Admission: 35 KE (Concessions available – bring your student ID)
Get There: Like many sites in Egypt, the museum is most conveniently reached by taxi. However, taking the metro is also a viable option to get to the Gayer-Anderson Museum. The nearest station on the Cairo Metro, the Sayyida Zeinab station, is approximately 1 km to the west. The museum entrance can be reached through the main entrance to the mosque, or through a separate entrance toward the rear of the complex.
The Gayer-Anderson Museum is located in Cairo, Egypt, adjacent to the Mosque of Ahmad ibn Tulun in the Sayyida Zeinab neighborhood. The museum takes its name from Major R.G. Gayer-Anderson Pasha, who resided in the house between 1935 and 1942 with special permission from the Egyptian Government. It is noted for being one of the best preserved examples of 17th century domestic architecture left in Cairo, and also for Gayer-Anderson’s vast collection of furniture, carpets, curio, and other objects. There are also a number of legends associated with the house.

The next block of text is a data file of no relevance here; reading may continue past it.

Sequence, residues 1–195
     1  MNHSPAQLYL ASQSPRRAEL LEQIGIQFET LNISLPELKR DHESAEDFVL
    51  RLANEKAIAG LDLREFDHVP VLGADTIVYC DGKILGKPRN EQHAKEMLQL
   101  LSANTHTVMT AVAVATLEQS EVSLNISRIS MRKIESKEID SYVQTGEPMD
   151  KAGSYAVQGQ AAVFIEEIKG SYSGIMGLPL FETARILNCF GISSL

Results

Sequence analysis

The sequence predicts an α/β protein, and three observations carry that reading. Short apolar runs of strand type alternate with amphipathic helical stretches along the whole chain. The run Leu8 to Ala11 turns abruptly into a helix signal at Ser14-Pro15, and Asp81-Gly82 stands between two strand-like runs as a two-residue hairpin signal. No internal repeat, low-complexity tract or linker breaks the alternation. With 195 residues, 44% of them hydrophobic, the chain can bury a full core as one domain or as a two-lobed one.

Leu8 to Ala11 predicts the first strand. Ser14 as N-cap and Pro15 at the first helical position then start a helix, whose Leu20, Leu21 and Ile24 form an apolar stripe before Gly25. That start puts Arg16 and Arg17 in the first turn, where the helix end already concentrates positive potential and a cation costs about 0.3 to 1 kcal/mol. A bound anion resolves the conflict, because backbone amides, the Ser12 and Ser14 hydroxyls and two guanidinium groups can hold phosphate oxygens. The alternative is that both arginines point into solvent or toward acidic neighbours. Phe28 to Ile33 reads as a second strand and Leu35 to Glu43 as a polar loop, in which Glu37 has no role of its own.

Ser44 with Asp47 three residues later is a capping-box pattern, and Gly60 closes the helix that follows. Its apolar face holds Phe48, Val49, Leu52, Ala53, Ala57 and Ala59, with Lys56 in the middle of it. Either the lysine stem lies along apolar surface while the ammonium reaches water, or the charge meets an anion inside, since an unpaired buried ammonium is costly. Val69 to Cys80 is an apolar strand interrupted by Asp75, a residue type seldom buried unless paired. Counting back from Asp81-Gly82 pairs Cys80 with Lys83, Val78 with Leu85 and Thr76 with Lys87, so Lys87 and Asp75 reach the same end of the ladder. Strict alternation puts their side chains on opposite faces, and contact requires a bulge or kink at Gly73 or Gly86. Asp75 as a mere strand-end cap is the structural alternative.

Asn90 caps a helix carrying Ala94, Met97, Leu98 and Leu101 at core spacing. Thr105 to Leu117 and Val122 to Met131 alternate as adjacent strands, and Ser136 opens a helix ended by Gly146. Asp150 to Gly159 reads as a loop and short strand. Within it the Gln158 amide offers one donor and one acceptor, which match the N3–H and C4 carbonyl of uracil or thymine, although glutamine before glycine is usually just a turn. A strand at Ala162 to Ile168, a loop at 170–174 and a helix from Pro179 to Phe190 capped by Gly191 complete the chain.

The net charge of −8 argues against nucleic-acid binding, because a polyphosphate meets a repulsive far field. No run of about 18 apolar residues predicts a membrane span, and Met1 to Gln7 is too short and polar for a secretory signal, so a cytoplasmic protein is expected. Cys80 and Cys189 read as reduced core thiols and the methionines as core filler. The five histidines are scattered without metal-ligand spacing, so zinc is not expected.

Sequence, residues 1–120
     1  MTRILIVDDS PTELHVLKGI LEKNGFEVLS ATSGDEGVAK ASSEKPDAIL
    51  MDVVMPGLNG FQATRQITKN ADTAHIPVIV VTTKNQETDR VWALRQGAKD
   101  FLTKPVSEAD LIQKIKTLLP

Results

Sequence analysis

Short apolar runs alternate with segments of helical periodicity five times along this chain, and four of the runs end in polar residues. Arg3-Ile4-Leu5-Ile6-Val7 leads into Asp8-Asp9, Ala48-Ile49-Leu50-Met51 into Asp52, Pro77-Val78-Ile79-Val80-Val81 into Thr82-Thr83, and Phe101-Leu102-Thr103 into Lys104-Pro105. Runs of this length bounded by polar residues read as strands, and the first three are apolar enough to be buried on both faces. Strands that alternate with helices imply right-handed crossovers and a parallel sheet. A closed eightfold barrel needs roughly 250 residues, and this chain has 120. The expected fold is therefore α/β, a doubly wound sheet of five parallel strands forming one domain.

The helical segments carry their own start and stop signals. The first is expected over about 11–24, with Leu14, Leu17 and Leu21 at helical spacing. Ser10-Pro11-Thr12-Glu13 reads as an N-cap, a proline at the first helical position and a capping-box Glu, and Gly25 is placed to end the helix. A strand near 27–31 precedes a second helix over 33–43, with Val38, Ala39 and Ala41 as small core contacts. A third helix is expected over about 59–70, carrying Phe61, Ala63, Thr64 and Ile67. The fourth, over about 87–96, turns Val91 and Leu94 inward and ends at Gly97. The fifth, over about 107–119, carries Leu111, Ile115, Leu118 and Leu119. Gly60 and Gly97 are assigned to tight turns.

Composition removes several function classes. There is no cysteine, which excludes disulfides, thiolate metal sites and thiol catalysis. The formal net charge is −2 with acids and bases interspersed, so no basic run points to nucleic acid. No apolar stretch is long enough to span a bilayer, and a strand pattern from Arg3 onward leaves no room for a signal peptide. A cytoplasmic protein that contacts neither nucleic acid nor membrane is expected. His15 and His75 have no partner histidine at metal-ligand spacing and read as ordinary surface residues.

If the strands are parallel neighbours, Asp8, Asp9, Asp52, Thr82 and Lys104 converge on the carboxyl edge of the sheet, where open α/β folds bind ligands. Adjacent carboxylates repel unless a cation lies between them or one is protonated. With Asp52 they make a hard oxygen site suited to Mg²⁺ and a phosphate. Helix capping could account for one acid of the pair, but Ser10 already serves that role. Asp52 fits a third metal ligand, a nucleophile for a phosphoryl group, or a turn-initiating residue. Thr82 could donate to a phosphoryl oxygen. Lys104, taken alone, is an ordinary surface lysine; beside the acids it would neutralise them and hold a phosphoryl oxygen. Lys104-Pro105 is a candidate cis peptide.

Legends of the House
- The house was built on the remnants of an ancient mountain called Gebel Yashkur, the “Hill of Thanksgiving.” It is believed that this is where Noah’s Ark came to rest after the Deluge described in both the Bible and Qur’an, and that the last of the floodwater was drained through the well in the courtyard of the house;
- Moses was spoken to by God on this spot;
- The house is protected by a shaykh, Haroun al-Husseini, who is buried under one of the corners of the house. He is said to have blinded three men who attempted to rob the house, who stumbled around the house for three days and nights until they were finally caught;
- The well in the house is said to possess miraculous qualities – for example, a lover gazing into the water would see the face of his or her sweetheart instead of his/her own reflection.